The following was written by Chris Sajnog. His books include, NAVY SEAL SHOOTING.
“What most people (including me) call muscle memory is the process of myelination. Myelin is basically insulation that your body puts around your nerves. Repetition of motor skills builds myelin around the nerves responsible for your movements so that the next time you do a practiced movement, it can be faster, smoother and easier. This happens slowly… but it DOES happen no matter what your movement.”
A definition of myelin written by Dr. Colleen Doherty is, “Myelin is made of fat and protein….”
Interesting. Thanks for sharing.
That fits perfectly with something I recently told a friend about his draw. I’m of the school that if you practice good form, speed will naturally come. Based on what you just shared, it’s even more important to practice the correct motions of we want a faster draw, even if those practice motions are slow.
In other words, training and repeating the same action builds your muscle memory and strengthens that neural pathway?
I think you said it perfect.
Here is the analogy I made up that I like, and seems to be correct. Probably anybody who has been driving for years can hit the brakes, fast. And probably they didn’t practice for speed, they just hit the brakes a lot. And as a result, they can do it FAST. On auto pilot.
I am not a doctor, so I’ll let others draw conclusions.
That I believe is termed, Cognitive Conditioning.
My MA coach puts it like this “Get the Technique down, power and speed will follow and you will be surprised.”
“Our results suggest that consuming high levels of saturated fat in conjunction with a sedentary lifestyle can lead to a reduction in myelin-forming cells.
But exercise training can help reverse this process and promote the myelinogenesis necessary to meet increased energy demands,”
Isobel A. Scarisbrick, Ph.D.
Director of the Neuroregeneration and Neurorehabilitation Laboratory at Mayo Clinic’s campus in Rochester, Minnesota
Train, practice, shoot, exercise !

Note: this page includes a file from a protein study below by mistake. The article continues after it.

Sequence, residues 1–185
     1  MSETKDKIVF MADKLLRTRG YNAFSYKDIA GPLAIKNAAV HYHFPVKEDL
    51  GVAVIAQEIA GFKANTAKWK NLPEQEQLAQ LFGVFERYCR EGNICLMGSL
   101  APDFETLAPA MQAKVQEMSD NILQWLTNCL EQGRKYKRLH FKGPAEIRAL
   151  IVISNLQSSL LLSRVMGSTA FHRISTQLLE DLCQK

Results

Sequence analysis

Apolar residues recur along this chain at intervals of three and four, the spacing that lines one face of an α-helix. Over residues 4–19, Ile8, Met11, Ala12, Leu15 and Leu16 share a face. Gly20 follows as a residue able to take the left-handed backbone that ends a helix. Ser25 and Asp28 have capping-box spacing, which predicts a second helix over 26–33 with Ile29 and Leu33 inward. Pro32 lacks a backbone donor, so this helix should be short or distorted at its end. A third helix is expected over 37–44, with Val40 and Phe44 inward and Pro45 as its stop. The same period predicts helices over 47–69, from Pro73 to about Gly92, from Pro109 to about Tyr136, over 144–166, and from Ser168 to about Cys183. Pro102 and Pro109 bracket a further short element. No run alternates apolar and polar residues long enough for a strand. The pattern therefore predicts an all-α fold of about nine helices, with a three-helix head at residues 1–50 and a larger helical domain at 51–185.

Otherwise your muscle memory sucks…
Seems that this is a process that has developed from the day we were all born, throughout our life development, and will continue for as long as we stay mobile, and feed your face with healthy protein, eat heathy fats, healthy diet, staying physically active and mobile.
That is what made me a successful Professional Guitar player & performer. Same principle. Practice, practice, practice. The same is true for shooting. I am 65 years old & retired from the US Navy & all business including the music business. I still play guitar & write songs every day as I still continue to enjoy my handguns just as much as when I was shooting competition. As with all endeavors, golf included, my only competition is myself. Mike270 is posting the truth. Use it or lose it.
Mike you are the first person that brought up what we clled Motor Memory in the unit we I was in,and that i have continuously been doing the same training i did that the unit trained us,and it does really work,it worked automatically with out a thought in my confrontation in 2019 it definitely does work!
Sometimes I try to do something really fast from memory and forget to look what I am doing and mess up . I realized I have to look what I am doing many times before I can do it blind or from memory. Just thought I would share.
Coming from the medical side of the house for 30 years mylination is the forming of more mylin. The muscle memory part is when the actions are repeated so often that the nerve no longer sends the signal down the nerve fiber (through the middle) and out but sends it down the mylin sheath covering the nerve fiber which according to some is anywhere from 10 - 100X faster. Anything that requires manual dexterity and a repeated task can and will eventually form a muscle memory, correctly or incorrectly. That is partially why bad or previous habits are so difficult to break. Add a little stress and the body will do what has done the most out of pure reaction.
It takes years to train mussel memory to do the action automatically with out a thought and to keep you eyes on the target,and also to contentious train that motor memory as if you don’t,you lose is,it is a constant drill you need to have
For an excellent description of myelination and how it has been developed in a variety of skills, read The Talent Code by Daniel Coyle.